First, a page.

Moving forward, it gets trickier. The Phillies already have $112 million committed to 12 players for 2013. In 2014, they are on the hook for $74 million to only four players -- Howard, Rollins, Cliff Lee and Jonathan Papelbon -- and hold a $20-million option on Roy Halladay. Figuring out how to navigate these transition years while remaining an elite team is the hard part.

The luxury-tax threshold for this year and next is $178 million; it jumps to $189 million after the 2013 season, and for teams like the Phillies and Yankees, it will affect how they do business.

"You want to keep the core players together," Amaro said. "But as years go on, they become less and less productive over time. That's not uncommon -- it's just part of the progression. You have to understand that there are some difficult decisions that have to be made."

In the past three years, the Phillies have traded for Lee, Roy Oswalt and Hunter Pence in deadline swaps, as well as acquiring Halladay from Toronto during the offseason. That comes at a cost for the farm system, but it's a sacrifice made to keep the turnstiles moving. Yesterday's Citizens Bank Park sellout against the Mets was the 209th straight of the regular season for the Phillies, and Amaro depends on that cash flow.

"Where we are with our payroll," Amaro said, "you want to be able to continue to show your fans that you are going to make every effort to put a contending team and a winning team on the field. At the same time, we can't continue to do that unless they keep coming to the ballpark."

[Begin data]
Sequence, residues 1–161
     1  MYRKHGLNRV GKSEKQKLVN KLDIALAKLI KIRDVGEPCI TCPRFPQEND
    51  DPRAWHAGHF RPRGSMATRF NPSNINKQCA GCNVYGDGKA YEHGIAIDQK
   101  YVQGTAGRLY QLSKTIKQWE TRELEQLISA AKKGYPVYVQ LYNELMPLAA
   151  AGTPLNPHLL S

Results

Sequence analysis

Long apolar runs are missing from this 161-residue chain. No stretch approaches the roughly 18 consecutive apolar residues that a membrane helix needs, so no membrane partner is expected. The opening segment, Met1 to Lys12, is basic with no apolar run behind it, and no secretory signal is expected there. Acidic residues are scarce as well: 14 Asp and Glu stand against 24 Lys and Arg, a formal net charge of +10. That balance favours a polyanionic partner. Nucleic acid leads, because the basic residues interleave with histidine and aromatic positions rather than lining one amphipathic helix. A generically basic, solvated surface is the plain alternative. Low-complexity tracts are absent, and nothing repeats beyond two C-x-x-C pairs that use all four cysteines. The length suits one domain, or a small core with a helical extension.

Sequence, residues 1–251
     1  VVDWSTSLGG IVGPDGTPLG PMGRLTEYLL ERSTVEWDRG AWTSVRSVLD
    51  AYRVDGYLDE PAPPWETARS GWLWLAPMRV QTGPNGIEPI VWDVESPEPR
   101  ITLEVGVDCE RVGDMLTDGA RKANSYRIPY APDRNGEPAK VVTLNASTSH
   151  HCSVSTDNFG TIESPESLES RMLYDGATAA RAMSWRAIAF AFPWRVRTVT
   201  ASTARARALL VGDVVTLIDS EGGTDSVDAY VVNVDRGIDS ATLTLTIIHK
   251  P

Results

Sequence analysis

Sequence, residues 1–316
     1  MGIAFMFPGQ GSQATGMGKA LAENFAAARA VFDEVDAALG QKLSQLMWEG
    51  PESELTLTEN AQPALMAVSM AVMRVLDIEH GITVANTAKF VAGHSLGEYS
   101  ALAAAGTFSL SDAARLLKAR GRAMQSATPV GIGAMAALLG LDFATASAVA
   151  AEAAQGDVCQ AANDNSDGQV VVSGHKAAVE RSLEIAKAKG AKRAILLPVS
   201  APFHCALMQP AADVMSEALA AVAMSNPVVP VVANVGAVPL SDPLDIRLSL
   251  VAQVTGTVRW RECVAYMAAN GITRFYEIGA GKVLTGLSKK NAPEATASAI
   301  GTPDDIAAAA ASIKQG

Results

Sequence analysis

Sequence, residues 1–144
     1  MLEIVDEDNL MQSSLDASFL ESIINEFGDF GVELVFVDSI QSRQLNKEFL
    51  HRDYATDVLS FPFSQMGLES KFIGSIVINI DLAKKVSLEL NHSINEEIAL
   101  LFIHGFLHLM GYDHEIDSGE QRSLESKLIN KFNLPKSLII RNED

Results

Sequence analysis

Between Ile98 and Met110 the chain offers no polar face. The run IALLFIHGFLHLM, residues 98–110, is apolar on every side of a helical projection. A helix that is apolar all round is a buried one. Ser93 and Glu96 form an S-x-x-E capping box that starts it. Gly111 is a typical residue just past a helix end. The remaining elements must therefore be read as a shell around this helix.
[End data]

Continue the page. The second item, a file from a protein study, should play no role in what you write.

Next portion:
Lannan is the odd man out

Long Beach's John Lannan was stunned when the Nationals optioned him to Triple-A Syracuse, and with a $5-million salary, he has the dubious distinction of being the highest-paid player ever demoted during spring training, according to The Washington Post.

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That's quite a shock, considering that Lannan was the Nationals' Opening Day starter twice before and as recently as 2010. Now, after offseason moves that added Gio Gonzalez and Edwin Jackson, along with the emergence of Ross Detwiler, Lannan is the odd man out. Despite his request for a trade, the Nats prefer to keep him as insurance, especially with the shaky health of Chien-Ming Wang.

"That's not a slight to Lannan -- I mean, he's getting paid pretty good," Nationals manager Davey Johnson said last week at Citi Field. "But we definitely were not going to just hand him to somebody else and let him beat up on us."

If numbers are any indication, Lannan has not taken the demotion well. In his first two starts for Syracuse, Lannan is 0-2 with a 13.50 ERA. He's allowed 15 hits in six innings, so that's not helping his trade value.

"With the competitive edge that he has, he'll be fine," Johnson said. "He's still starting, he's still highly thought of in this organization. But one of the things about winning is good development, and having backup plans. And this is the best backup plan. It's the best of not a lot of good scenarios."